During Wednesday this week it became apparent that things were not great with eTech - one of the (relatively) newer players in the UK Learning Platforms market, which provides its StudyWiz platform to about 13 Local Authorities (LAs) and other schools (29,000, according to its own site). An increasing number of tweets indicated that Becta were going to contact schools (and presumably, LAs) who had opted into StudyWiz as part of the Learning Platforms Framework (which itself has been the subject of much blogging here and elsewhere).I had assumed that StudyWiz had been at BETT but for some reason I hadn't seen them - however it became apparent that they hadn't, despite still sponsoring various elements including TeachMeet. A couple of direct messages on Twitter during Wednesday suggested that eTech Europe had gone into administration. The information isn't as easy to find as you might hope, especially if your school was depending on it, but it appears to be here - a winding up order served by HMRC (PDF). Subsequently it would appear that eTech appears to have gone into global administration - see this article from an Australian newspaper last weekend (PDF) - despite receiving an AU$2million government grant after being "unable to secure finance from other sources" in 2009. eTech is an Tasmanian-originated company which had previously grown rapidly across the globe (see video with obligatory dot com fußball and table tennis segments) and, like all of the other providers of Learning Platform services under the framework, had to pass a number of tests which weren't just concerned with what its product could do, but also about the viability of the company.Ten companies made it onto the framework and a number of advantages were promoted as pointing to why the LP Framework was A Good Thing. One that was routinely mentioned but not (to my mind anyway) ever taken seriously as a scenario was that "if one of the providers go under, then within the framework [a school or LA] should be able to move to another supplier". Everyone who heard this imagined schools getting bored or dissatisfied with products or companies - but not the companies themselves going under. Well, I guess this situation is the acid test of that claim - and it might ask some serious questions of a number of groups:first of all, Becta, under whose guidance the Framework was put together. The "moving to another supplier" idea is, course, an assumption predicated on interoperability - another core principle of the LP Framework but one which, when discussed with anyone involved at an LA or RBC level, is normally met with either a chuckle or a shrug. Essentially, everyone is aware that it appears that most vendors appear to pay lip-service to true interoperability. Becta's role in this will be to deal with many of the issues which arise from this for those LAs and schools who opted for StudyWiz through the provisions of the LP Framework. It's always been my understanding that if a school purchased direct from StudyWiz/eTech (or any supplier) and didn't go through the Framework then they wouldn't benefit from its provisions, even though eTech were an approved provider. It appears that Becta, eTech/StudyWiz (in whatever form they are now) and the affected LAs are meeting next week to sort things out and plan ahead. secondly - and obviously - eTech/StudyWiz. If the worst happened and those schools or LAs who chose StudyWiz under the LP Framework route are forced (or choose) to move to another supplier, then[...]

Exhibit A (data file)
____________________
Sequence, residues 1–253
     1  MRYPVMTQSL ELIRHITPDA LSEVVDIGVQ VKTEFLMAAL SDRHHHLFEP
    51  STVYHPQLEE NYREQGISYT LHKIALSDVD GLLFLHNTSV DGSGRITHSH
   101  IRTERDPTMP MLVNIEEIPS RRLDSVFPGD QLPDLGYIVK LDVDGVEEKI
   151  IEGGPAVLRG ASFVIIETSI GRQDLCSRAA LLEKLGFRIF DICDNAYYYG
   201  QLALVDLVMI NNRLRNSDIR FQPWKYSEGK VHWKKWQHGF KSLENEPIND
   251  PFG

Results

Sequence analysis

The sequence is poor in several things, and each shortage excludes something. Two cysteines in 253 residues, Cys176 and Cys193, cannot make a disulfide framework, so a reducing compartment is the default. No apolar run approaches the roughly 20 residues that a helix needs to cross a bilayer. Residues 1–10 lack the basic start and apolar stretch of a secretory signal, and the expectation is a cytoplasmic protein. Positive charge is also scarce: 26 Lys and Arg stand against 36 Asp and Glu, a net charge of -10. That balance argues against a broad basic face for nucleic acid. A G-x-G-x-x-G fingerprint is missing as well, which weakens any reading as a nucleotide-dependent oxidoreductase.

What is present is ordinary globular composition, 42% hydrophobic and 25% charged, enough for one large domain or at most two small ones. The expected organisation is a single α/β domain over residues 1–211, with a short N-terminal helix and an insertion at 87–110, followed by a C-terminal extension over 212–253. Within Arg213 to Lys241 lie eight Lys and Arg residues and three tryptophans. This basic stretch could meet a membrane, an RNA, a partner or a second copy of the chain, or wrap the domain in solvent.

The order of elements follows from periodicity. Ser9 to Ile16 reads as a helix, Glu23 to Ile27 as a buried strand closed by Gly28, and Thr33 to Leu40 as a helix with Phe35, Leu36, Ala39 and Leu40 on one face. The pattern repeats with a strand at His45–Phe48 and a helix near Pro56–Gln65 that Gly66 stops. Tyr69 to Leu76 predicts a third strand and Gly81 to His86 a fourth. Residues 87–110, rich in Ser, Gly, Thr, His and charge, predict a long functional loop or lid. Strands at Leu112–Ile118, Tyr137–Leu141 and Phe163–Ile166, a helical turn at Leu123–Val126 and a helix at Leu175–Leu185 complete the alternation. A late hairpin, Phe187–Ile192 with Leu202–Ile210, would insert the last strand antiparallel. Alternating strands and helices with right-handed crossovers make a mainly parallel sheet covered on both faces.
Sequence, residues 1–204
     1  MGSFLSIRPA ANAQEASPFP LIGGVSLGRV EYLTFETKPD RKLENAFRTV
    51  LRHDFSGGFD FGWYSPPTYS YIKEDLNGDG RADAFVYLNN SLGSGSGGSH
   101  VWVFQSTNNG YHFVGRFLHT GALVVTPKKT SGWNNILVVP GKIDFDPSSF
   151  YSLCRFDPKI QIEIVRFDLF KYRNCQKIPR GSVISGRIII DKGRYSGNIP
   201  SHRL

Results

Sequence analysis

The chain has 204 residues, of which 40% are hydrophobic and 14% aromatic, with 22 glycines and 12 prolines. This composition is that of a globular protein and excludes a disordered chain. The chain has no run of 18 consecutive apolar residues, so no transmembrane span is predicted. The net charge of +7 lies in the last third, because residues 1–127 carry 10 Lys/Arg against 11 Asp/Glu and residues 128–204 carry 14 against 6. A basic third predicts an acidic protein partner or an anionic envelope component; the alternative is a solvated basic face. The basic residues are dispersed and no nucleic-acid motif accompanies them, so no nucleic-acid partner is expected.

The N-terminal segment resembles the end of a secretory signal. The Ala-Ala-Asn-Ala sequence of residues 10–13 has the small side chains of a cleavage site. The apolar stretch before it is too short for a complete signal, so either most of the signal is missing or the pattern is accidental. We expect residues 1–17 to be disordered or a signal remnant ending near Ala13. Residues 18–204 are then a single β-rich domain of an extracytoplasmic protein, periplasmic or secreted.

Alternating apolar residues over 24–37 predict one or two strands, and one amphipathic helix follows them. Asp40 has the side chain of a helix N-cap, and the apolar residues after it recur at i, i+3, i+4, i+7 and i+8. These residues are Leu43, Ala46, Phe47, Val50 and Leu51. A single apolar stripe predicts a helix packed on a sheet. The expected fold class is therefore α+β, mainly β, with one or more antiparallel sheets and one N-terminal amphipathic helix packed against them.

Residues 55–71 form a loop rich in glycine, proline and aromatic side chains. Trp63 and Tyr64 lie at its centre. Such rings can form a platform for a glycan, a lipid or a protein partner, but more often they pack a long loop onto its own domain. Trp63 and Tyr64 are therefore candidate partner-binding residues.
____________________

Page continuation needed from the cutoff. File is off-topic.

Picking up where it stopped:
Taking over BETT 2010